For fans of a velvety latte or a jolting espresso, meet your greatest enemy: the coffee berry borer beetle. This tiny pest, just a few millimetres long, can ruin entire coffee harvests. It affects more than 20 million farming families, and causes losses to the tune of half a billion US dollars every year- losses that are set to increase as the world warms.

But the beetle isn’t acting alone. It has a secret weapon, stolen from an unwitting accomplice.

Ricardo Acuña has found that the beetle’s ancestors pilfered a gene from bacteria, most likely the ones that live in its gut. This gene, now on permanent loan, allows the insect to digest the complex carbohydrates found in coffee berries. It may well have been the key to the beetle’s global success.


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Since pythons invaded, Florida’s mammal populations have crashed

It turns out that if you unleash giant snakes into a place that didn’t previously have giant snakes, the other local animals don’t fare so well. That seems obvious, but you might be surprised at just how badly those other animals fare.

Since 2000, Burmese pythons have been staging an increasingly successful invasion of Florida. No one knows exactly how they got there. They normally live in south-east Asia and were probably carried over by exotic wildlife traders. Once in America, they could have escaped from pet stores or shipping warehouses. Alternatively, overambitious pet owners could have released when they got too large for comfort. Either way, they seem to be thriving.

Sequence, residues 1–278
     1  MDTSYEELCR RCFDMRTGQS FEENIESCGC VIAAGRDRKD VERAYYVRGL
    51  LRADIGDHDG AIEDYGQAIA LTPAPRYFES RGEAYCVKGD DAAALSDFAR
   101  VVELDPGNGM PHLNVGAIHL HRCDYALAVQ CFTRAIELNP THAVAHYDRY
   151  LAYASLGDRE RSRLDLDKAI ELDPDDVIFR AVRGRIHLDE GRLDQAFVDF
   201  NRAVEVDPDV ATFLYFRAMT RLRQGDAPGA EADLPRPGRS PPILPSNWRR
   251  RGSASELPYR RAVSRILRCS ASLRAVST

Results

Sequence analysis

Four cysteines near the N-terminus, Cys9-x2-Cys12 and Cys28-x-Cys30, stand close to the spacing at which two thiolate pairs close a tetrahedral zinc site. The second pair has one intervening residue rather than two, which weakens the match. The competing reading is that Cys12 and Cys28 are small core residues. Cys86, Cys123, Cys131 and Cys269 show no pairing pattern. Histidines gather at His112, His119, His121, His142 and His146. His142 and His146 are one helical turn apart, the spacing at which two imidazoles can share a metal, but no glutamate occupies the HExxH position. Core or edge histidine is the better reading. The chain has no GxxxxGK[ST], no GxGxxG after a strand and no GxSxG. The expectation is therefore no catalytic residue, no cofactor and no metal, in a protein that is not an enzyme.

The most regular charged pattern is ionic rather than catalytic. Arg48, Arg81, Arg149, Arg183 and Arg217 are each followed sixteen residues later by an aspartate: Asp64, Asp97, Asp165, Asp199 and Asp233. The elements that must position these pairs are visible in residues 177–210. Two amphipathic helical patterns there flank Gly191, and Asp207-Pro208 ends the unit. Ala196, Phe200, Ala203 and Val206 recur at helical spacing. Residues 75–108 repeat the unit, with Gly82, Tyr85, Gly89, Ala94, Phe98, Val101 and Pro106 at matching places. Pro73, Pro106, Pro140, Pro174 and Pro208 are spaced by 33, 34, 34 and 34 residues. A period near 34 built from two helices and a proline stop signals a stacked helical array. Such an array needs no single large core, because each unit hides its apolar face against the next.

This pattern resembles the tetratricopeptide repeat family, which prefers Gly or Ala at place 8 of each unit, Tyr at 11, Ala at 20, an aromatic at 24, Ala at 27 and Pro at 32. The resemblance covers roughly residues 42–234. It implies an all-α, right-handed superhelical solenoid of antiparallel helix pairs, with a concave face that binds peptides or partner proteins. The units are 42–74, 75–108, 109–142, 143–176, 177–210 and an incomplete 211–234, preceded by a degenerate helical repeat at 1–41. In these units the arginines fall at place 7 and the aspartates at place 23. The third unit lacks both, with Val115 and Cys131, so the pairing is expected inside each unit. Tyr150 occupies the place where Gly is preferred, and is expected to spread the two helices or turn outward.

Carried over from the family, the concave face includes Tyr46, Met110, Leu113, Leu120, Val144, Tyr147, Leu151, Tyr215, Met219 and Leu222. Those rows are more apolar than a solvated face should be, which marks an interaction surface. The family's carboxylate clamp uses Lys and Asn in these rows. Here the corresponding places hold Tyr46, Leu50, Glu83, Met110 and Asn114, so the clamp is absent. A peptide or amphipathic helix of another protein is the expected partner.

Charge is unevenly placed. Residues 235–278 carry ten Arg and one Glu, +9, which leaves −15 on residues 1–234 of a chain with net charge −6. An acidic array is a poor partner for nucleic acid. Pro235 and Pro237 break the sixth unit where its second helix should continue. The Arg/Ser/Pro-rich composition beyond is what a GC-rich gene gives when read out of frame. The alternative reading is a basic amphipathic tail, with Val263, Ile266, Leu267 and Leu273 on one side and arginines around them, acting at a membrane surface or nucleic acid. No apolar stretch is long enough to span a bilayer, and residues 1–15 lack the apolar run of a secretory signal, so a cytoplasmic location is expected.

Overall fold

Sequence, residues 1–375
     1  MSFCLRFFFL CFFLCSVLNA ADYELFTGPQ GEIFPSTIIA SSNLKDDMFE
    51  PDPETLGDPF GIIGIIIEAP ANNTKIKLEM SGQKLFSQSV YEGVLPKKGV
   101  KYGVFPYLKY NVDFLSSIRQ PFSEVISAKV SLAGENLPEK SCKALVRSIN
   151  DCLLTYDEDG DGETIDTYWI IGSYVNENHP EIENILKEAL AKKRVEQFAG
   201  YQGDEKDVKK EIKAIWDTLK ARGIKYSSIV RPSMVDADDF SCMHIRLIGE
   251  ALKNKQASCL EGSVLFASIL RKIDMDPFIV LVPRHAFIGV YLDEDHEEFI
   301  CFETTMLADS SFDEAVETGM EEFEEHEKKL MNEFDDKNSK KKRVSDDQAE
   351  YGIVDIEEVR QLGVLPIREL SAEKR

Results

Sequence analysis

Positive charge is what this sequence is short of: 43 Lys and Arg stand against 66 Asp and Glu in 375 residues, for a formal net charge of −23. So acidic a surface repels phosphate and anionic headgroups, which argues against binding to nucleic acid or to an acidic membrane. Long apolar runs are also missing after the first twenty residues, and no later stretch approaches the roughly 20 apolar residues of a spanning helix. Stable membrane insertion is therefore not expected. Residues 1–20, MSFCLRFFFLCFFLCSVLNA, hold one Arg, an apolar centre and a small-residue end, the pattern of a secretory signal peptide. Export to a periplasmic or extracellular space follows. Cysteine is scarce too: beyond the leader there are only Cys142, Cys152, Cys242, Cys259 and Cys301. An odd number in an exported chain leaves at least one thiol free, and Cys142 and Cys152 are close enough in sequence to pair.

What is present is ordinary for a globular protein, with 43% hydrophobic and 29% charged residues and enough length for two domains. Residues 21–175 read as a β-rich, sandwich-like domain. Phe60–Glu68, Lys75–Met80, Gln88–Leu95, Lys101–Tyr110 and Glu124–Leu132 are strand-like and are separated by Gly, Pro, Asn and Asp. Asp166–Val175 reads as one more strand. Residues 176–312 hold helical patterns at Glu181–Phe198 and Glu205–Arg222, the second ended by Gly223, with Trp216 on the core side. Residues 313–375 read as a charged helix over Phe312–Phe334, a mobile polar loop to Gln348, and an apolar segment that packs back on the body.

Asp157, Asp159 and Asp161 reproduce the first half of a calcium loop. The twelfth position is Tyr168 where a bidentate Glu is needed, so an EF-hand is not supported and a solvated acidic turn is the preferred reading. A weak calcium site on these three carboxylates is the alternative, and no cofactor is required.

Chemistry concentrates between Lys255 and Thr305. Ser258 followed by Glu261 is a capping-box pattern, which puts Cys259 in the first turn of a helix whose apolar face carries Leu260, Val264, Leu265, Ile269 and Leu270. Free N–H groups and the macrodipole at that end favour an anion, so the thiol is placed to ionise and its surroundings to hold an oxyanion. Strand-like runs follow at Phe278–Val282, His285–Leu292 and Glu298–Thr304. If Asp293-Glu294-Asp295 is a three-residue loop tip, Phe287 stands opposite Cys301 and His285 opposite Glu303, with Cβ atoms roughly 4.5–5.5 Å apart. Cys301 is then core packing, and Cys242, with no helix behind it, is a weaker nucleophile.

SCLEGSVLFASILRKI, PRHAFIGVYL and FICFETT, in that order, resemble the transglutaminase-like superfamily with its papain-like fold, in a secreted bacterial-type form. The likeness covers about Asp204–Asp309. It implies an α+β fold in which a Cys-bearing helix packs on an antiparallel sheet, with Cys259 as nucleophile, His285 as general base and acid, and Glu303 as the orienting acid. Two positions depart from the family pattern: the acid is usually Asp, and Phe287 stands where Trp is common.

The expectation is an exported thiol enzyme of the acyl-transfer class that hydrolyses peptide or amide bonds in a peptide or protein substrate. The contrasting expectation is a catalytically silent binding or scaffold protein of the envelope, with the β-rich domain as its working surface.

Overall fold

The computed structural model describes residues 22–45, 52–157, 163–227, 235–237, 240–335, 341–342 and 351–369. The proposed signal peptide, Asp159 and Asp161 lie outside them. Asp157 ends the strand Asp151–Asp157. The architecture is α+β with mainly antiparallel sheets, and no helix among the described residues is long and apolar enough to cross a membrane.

With an average length of 12 feet (4 metres), the pythons are formidable predators. They suffocate their prey with powerful coils, and they target a wide variety of mammals and birds. The endangered Key Largo woodrat and wood stork are on their menu. So are American alligators (remember this oft-emailed photo?). Conservationists are trying to halt the spread of the giant snakes, out of concern that their booming numbers could spell trouble for local wildlife.

Michael Dorcas from Davidson College thinks they are right to be concerned. In the first systematic assessment of the pythons’ impact, Dorcas has found that many of Florida’s mammals have plummeted in numbers in places where the snakes now live.


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Fire ants conquered America by monopolising calorie-rich food

They came to America and found a nation overflowing with calories. Carbohydrate-rich fast food was available on every corner, and with little competition for it, the migrants ate their fill. Soon, they started spreading throughout this new land of opportunity. They are red imported fire ants (Solenopsis invicta) and their invasion is well underway.

The fire ant is an international pest. It devastates native ants, shorts out electrical equipment, damages crops, and inflicts painful stings. It hails from Argentina, but it was carried to the United States aboard cargo ships that docked at a port in Alabama. That was in the 1930s; since then, this invader has spread throughout the southern states, from California to Florida. The country spends over a billion dollars every year in attempts to stem the invasion.

Now, Shawn Wilder from Texas A&M University has found that their remarkable invasion has been driven by partnerships with local insects. The fire ants run a protection racket for aphids and other bugs, defending them from other attackers. In return, they get honeydew, a sweet nutritious liquid that the bugs excrete, after they suck the juices of plants. They are both farmers and bodyguards.


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Jellyfish shift ocean food webs by feeding bacteria with mucus and excrement